Hungary To Tax Internet Traffic

Soulskill posted 11 hours ago | from the how-to-kill-your-youtube-habit dept.

The Internet 292

An anonymous reader writes: The Hungarian government has announced a new tax on internet traffic: 150 HUF ($0.62 USD) per gigabyte. In Hungary, a monthly internet subscription costs around 4,000-10,000 HUF ($17-$41), so it could really put a constraint on different service providers, especially for streaming media. This kind of tax could set back the country's technological development by some 20 years — to the pre-internet age. As a side note, the Hungarian government's budget is running at a serious deficit. The internet tax is officially expected to bring in about 20 billion HUF in income, though a quick look at the BIX (Budapest Internet Exchange) and a bit of math suggests a better estimate of the income would probably be an order of magnitude higher.

Xerox Alto Source Code Released To Public

Soulskill posted 11 hours ago | from the history-revealed dept.

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zonker writes: In 1970, the Xerox Corporation established the Palo Alto Research Center (PARC) with the goal to develop an "architecture of information" and lay the groundwork for future electronic office products. The pioneering Alto project that began in 1972 invented or refined many of the fundamental hardware and software ideas upon which our modern devices are based, including raster displays, mouse pointing devices, direct-manipulation user interfaces, windows and menus, the first WYSIWYG word processor, and Ethernet.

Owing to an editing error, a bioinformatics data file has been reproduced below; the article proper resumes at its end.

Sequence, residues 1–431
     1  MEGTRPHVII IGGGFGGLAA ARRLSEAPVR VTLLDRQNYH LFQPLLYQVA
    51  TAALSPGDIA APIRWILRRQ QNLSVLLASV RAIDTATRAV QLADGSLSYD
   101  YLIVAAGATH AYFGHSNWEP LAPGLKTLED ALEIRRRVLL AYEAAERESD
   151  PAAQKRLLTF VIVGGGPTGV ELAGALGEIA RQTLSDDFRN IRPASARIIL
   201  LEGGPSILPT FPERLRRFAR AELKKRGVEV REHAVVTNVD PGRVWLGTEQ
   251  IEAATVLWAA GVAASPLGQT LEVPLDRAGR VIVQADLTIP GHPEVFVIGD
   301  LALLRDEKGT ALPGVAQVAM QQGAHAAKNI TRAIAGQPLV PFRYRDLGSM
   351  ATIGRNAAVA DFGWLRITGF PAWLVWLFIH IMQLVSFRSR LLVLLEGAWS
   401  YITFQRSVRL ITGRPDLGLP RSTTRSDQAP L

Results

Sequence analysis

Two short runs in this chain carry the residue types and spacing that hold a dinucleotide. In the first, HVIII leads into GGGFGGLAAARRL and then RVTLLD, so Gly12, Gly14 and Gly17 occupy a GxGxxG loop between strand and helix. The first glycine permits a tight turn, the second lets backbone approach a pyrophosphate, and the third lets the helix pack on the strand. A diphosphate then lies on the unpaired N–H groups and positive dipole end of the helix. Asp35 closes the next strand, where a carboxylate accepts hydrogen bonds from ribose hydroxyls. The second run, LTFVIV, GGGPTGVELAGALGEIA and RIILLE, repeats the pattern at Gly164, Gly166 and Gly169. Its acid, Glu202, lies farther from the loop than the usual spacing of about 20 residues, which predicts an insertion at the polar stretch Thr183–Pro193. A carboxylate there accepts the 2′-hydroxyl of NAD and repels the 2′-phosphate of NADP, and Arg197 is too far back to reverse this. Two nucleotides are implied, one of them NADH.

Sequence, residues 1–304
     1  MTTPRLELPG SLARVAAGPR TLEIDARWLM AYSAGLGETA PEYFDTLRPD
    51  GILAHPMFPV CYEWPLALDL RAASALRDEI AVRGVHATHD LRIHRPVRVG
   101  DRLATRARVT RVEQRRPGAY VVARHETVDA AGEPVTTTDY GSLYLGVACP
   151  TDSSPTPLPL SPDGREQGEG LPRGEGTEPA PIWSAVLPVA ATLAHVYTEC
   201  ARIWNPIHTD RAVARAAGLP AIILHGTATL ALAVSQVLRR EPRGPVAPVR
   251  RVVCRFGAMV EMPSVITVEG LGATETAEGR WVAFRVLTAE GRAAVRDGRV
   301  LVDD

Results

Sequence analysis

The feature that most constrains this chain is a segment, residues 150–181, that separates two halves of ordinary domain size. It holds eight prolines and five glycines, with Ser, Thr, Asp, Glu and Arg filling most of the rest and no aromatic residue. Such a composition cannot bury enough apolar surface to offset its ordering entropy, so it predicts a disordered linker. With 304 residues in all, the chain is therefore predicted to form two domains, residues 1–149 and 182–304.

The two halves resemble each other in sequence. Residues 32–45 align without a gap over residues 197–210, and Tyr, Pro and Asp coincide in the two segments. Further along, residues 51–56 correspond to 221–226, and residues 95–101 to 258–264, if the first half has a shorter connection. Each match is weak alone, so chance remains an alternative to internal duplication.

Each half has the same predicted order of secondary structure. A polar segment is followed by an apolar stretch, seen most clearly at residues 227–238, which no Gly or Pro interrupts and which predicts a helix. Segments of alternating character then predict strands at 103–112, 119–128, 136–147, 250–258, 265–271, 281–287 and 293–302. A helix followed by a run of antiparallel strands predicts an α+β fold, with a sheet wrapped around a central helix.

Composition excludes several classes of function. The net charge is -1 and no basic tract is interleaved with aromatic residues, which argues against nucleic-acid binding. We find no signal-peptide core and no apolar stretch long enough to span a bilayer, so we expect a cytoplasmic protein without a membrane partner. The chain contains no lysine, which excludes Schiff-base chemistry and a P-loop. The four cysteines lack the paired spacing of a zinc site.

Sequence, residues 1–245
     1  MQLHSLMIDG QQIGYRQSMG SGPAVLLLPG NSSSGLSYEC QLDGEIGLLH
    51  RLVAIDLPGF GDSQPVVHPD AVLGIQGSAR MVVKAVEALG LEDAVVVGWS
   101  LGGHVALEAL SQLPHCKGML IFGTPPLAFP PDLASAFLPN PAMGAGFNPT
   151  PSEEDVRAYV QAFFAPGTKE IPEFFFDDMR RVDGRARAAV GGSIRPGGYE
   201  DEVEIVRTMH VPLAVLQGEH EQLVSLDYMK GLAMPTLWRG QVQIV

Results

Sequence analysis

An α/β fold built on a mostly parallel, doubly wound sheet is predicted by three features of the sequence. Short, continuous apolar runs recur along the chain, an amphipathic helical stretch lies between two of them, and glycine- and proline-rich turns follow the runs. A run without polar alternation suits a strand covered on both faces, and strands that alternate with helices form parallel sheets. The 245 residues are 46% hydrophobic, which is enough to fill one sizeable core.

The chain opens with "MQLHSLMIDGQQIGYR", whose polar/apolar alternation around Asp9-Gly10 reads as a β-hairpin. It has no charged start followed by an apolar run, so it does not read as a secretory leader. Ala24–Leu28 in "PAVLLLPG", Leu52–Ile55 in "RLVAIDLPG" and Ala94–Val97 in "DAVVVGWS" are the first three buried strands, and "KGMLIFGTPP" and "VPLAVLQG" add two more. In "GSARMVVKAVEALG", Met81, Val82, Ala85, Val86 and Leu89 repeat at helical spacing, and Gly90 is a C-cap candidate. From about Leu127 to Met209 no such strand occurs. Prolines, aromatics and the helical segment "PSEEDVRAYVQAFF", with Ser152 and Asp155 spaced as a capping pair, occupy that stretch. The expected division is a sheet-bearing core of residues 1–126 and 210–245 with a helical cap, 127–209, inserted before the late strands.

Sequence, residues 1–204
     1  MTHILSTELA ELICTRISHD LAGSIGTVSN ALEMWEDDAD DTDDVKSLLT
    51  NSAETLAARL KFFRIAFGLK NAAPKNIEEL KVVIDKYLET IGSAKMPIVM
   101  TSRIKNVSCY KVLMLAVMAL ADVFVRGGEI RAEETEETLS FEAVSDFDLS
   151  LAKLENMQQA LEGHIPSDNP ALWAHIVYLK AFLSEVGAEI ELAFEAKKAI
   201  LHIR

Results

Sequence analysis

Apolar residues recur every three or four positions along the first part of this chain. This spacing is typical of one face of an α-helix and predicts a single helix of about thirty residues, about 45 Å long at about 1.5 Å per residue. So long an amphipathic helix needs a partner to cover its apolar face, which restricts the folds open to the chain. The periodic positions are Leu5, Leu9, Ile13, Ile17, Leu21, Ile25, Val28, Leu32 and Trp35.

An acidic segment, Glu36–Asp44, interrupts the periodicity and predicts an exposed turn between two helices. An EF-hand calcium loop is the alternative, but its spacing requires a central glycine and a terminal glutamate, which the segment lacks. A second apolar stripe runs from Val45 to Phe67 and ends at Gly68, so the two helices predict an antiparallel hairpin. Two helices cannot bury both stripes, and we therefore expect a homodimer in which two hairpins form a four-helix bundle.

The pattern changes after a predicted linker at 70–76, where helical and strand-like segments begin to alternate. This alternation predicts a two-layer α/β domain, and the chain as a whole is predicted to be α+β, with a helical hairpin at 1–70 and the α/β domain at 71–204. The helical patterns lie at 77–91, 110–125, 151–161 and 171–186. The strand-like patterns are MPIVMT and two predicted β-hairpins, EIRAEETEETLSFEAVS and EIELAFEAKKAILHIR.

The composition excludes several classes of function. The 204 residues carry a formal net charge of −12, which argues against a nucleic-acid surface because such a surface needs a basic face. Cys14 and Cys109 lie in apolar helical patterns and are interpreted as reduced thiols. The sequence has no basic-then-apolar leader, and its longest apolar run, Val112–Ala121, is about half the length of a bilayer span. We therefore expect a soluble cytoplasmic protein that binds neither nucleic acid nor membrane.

The first Altos were built as research prototypes. By the fall of 1976 PARC's research was far enough along that a Xerox product group started to design products based on their prototypes. Ultimately, ~1,500 were built and deployed throughout the Xerox Corporation, as well as at universities and other sites. The Alto was never sold as a product but its legacy served as inspiration for the future.

With the permission of the Palo Alto Research Center, the Computer History Museum is pleased to make available, for non-commercial use only, snapshots of Alto source code, executables, documentation, font files, and other files from 1975 to 1987. The files are organized by the original server on which they resided at PARC that correspond to files that were restored from archive tapes. An interesting look at retro-future.

Ask Slashdot: Aging and Orphan Open Source Projects?

Soulskill posted yesterday | from the try-craigslist dept.

Open Source 135

osage writes: Several colleagues and I have worked on an open source project for over 20 years under a corporate aegis. Though nothing like Apache, we have a sizable user community and the software is considered one of the de facto standards for what it does. The problem is that we have never been able to attract new, younger programmers, and members of the original set have been forced to find jobs elsewhere or are close to retirement. The corporation has no interest in supporting the software. Thus, in the near future, the project will lose its web site host and be devoid of its developers and maintainers. Our initial attempts to find someone to adopt the software haven't worked. We are looking for suggestions as to what course to pursue. We can't be the only open source project in this position.